Kettering Allotments - Health and Safety policy version 1
We all want to enjoy our allotments and avoid injuries and anything else that would harm members, visitors or the environment. The aim of our Health and Safety Policy is to help our members maintain and improve their safety. This will be done by learning from other allotments and seeking advice from other organisations. We also learn from any near misses or accidents and find ways to improve.
Much of this policy has been written by looking at best practice elsewhere, especially the excellent advice available from The Allotments Regeneration Initiative (ARI).
The following was copied from the ARI introductory letter on their website in 2010. (Their website is no longer there link no longer works):-
Under civil law anyone involved in allotment management has a common duty
of care to ensure that their allotment sites are run in as safe and appropriate
manner as possible, as set out in the Occupiers' Liability Act, 1957.
This duty of care is extended towards all people accessing the allotment site
and its boundaries, including plotholders, association officers carrying out
duties, members of the public, bona fide visitors, intruders, volunteers, and
allotment authority staff. There are also environmental and animal husbandry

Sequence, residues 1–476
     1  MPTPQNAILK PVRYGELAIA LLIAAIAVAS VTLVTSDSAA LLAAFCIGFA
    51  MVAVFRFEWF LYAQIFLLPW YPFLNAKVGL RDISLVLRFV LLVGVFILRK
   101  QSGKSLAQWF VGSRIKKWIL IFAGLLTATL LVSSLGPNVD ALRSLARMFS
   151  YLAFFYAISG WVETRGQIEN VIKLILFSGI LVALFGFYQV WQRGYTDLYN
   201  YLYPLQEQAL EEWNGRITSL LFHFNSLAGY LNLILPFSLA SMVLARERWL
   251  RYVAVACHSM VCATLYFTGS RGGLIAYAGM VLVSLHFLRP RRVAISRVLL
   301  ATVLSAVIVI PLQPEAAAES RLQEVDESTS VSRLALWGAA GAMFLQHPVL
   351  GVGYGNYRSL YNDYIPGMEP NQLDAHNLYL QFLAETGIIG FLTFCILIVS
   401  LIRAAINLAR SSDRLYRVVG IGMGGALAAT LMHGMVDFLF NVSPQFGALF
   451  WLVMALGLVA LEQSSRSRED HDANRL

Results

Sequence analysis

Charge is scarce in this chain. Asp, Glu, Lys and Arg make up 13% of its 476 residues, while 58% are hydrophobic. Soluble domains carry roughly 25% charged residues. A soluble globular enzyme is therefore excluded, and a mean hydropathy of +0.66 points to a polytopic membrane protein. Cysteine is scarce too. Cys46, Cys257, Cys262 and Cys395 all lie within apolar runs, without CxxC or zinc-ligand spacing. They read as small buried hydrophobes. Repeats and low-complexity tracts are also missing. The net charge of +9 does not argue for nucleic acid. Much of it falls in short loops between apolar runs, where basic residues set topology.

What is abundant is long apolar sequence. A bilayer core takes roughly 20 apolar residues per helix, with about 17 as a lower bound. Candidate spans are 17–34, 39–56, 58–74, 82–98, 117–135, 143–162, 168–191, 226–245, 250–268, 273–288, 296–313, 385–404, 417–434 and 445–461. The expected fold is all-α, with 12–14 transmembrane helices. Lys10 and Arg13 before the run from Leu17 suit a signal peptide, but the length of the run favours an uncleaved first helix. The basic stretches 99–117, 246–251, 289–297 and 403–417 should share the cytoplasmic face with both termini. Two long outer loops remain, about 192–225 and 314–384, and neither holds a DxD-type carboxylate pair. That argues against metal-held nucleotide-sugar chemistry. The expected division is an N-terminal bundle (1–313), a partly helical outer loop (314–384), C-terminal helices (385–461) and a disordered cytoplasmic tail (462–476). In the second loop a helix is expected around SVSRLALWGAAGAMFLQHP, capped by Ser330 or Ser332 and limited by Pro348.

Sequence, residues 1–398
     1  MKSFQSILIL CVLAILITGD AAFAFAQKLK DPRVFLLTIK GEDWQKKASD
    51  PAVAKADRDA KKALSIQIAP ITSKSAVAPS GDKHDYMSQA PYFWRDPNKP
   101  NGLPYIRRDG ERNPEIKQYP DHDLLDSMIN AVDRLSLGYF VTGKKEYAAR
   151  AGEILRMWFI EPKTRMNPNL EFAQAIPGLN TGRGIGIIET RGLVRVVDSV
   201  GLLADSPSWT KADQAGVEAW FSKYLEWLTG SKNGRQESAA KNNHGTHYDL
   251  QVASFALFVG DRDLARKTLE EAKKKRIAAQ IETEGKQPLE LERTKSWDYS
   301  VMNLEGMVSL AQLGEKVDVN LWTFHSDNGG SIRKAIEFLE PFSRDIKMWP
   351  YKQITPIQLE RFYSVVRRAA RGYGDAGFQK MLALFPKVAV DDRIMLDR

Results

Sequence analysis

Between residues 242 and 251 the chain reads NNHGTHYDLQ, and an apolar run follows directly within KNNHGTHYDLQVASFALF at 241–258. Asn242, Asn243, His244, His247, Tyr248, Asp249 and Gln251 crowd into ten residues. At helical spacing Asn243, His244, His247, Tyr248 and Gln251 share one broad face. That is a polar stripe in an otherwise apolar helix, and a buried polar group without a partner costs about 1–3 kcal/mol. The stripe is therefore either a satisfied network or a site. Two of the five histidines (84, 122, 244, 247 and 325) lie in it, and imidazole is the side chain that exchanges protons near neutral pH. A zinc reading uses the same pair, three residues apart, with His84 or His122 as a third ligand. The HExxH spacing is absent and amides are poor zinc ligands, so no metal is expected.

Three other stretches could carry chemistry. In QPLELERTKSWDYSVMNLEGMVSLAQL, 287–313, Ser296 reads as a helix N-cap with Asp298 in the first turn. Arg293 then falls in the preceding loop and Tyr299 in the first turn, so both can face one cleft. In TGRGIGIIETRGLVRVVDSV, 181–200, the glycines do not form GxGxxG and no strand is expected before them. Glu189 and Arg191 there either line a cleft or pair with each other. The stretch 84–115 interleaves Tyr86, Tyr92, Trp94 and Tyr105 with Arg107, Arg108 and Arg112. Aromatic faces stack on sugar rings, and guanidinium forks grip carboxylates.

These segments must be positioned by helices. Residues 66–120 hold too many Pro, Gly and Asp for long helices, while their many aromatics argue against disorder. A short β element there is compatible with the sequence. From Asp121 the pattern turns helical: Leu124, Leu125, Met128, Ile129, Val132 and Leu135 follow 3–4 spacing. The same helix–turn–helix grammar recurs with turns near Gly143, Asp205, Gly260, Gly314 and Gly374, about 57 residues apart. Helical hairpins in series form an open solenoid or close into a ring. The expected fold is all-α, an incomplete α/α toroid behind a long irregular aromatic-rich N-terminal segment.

laws to be observed.
Carrying out risk assessments is straightforward. Health and safety only
becomes unmanageable when responsibilities are neglected.
All activities carry an element of risk and allotment gardening is no exception.
Everyone needs to take health and safety seriously but it is also important not
to become litigation paranoid, turning allotments into bland, unusable
Plotholders also have a duty of care and managers are recommended to inform
them of issues in this pack that are directly relevant to them. It is beyond the
scope of the pack to give advice about individual gardening activities.
Please note: the contents of the guide do not provide specific legal advice.
Never assume what your responsibilities are, if in doubt seek legal advice.
Members of the National Society of Allotment and Leisure Gardeners can
access free legal advice. Some solicitors work on a pro bono (free) basis.